Monday, November 22, 2010

A History Lesson

I’ve been meaning to blog about my day trip to a place called La Perouse since August… and now it’s November and I’m just getting around to it, mostly because a mate of mine is in town from the States and we’ve been doing heaps of things that I’m going to want to blog about over the next few weeks and it wouldn’t make sense for me to blog about those without blogging about this first seeing as it’s from August and I’m trying to do this somewhat chronologically.

I’ve been putting off blogging about La Perouse for months now, mainly because I just don’t know how to make it exceptionally funny and/or entertaining for my blog.  There’s nothing funny and/or entertaining about La Perouse... unless you’re a nerd.  Seeing as I’m a nerd, I absolutely loved this place.  What you are about to read may overwhelm you with nerdiness, so I caution you readers with a low tolerance for nerdiness to stop now and just wait for the next blog to come out.  This just might be too much for you.

Picture it:  Sicily, 1918.  Just kidding!  Nothing like a good Golden Girls reference to start a blog post…

Picture it:  Sydney, 2010.  A young American man who had been in Sydney for just over 6 months hops on the mystery bus (393) that runs by his front door every 20 minutes and ends up a half-hour later at a place called La Perouse.  It was a warm day – warmer than it should have been for Sydney in August – so it was the perfect day to get out of the house.

Ok, I’ll stop with the Golden Girls formatting.

So, I ended up in La Perouse – about 30 minutes south of my house on the shore of Botany Bay.  Botany Bay was where the First Fleet (the name of the boats carrying the first British military and prisoner settlers) first came into Sydney, but quickly backtracked out and headed up to Sydney Harbour to establish their settlement.  A day later, a French explorer named La Perouse landed in Botany Bay, quickly realized that the British had already settled, said a quick hello and then peacefully bid them adieu.

Can you imagine if the French had been first and settled Australia and now everyone here spoke French?  That would be horrible, and for sure I wouldn’t have moved here.  Stupid French.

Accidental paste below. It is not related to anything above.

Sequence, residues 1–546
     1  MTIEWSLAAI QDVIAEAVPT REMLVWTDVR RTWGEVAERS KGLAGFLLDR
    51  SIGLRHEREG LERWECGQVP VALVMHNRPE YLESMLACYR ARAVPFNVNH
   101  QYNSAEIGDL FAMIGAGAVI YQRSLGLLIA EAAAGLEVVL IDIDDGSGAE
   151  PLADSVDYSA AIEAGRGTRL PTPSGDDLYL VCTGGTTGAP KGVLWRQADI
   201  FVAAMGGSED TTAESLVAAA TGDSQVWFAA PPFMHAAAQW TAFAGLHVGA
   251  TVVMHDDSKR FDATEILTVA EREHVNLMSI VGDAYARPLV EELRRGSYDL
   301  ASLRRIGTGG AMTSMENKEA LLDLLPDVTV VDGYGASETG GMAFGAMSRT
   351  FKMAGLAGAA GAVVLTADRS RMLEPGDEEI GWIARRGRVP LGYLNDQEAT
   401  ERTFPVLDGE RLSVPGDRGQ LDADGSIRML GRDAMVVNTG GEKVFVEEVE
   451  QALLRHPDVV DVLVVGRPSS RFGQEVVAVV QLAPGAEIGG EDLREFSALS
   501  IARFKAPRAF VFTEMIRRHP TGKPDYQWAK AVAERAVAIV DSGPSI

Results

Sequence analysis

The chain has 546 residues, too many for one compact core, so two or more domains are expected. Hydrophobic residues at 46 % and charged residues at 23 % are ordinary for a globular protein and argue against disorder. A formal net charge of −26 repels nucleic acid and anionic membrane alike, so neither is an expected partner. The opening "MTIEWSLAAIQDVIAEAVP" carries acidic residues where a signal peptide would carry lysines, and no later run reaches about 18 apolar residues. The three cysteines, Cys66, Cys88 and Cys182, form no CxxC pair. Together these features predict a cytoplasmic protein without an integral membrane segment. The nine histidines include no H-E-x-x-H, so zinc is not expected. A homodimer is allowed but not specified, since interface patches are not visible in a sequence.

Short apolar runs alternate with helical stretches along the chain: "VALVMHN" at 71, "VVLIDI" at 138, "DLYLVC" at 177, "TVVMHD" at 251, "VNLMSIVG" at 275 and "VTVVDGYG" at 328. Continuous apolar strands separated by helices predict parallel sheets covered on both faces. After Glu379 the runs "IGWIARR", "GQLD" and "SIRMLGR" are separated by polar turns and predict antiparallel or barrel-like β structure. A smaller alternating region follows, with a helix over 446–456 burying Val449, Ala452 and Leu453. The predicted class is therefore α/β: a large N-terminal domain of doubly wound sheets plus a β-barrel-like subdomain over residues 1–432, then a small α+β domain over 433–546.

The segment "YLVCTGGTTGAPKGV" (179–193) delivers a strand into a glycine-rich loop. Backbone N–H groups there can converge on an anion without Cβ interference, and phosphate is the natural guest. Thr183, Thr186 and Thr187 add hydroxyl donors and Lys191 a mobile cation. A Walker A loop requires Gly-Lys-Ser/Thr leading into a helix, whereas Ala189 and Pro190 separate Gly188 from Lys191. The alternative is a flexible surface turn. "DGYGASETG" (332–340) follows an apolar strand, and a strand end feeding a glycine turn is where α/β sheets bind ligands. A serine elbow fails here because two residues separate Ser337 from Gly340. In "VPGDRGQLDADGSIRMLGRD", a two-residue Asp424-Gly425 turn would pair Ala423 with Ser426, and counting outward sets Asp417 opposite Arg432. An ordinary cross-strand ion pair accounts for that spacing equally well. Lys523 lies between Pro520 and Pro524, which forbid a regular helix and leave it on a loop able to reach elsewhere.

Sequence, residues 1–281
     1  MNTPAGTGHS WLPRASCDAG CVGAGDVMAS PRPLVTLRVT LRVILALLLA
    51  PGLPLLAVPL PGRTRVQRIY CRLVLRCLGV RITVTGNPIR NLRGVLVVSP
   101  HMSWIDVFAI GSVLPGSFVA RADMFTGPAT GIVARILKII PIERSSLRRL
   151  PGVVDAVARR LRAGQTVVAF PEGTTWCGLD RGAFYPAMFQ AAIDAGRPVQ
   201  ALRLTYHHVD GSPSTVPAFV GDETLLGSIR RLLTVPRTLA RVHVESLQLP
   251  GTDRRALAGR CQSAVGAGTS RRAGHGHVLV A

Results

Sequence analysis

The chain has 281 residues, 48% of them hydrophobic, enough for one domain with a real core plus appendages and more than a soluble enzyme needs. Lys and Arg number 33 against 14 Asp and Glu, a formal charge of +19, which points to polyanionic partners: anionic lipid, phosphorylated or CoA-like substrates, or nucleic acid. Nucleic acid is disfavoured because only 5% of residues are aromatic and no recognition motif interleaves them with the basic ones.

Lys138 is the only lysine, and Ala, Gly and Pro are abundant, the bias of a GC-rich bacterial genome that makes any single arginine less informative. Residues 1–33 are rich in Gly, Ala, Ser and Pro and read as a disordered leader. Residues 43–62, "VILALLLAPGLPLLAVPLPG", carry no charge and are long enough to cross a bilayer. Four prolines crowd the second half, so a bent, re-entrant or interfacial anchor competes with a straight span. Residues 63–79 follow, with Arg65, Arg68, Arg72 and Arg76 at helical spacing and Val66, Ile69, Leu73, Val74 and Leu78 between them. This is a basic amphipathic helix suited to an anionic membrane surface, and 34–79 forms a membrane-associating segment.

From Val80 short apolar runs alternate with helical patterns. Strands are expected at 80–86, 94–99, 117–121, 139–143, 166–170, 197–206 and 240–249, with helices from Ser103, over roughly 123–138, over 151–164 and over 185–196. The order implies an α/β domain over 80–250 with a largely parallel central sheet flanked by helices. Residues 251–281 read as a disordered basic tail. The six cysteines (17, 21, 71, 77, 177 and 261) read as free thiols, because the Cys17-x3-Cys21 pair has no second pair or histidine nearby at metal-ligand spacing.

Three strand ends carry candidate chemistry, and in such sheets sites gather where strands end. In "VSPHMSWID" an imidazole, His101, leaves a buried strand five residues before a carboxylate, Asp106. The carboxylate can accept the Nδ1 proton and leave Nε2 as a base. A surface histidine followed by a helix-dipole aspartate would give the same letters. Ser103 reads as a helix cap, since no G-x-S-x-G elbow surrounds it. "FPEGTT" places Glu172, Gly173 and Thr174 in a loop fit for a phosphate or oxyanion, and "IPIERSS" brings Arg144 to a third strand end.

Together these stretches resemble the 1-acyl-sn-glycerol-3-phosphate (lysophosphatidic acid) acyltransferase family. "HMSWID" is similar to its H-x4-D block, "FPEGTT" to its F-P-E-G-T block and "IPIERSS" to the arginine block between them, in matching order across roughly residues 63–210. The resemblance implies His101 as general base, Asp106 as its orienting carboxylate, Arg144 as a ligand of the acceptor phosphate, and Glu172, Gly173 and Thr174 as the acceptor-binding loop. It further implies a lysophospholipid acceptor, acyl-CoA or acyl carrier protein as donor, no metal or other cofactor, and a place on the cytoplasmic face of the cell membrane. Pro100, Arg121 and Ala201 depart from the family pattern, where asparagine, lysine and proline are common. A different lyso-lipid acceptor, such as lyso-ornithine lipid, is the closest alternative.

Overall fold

Anyway, I guess the Brits decided to name this area of Sydney after La Perouse as sort of a thank you for fucking off and leaving them alone to conquer this great land for the English-speaking world.  The area was nice – little beaches and hiking trails… and a fort sitting on a very small island in the bay.  Someone had mentioned the fort to me that morning as a thing to do in La Perouse, but I didn’t really pay too much attention to it as none of the guidebooks really highlighted it.  But, as I arrived, I realized that I had time for a quick tour of this little fort and one was about to start.  10 minutes and $10 later I was about to nerd out.  And…

The tour fucking rocked, and I can honestly say it was one of the most interesting things I’ve done in Sydney.  Yes, the Opera House is stunning and intriguing, and the Harbour Bridge is quite magnificent, but this little teeny fort captivated me.  First of all, the little island that it sits on is called “Bare Island”.  Not a great name for an island bearing a military fortress, but whatever.  Second, the island is connected to the mainland by a little rickety wooden footbridge.  Again, not instilling faith in Australia’s military history, but I’ll let it slide.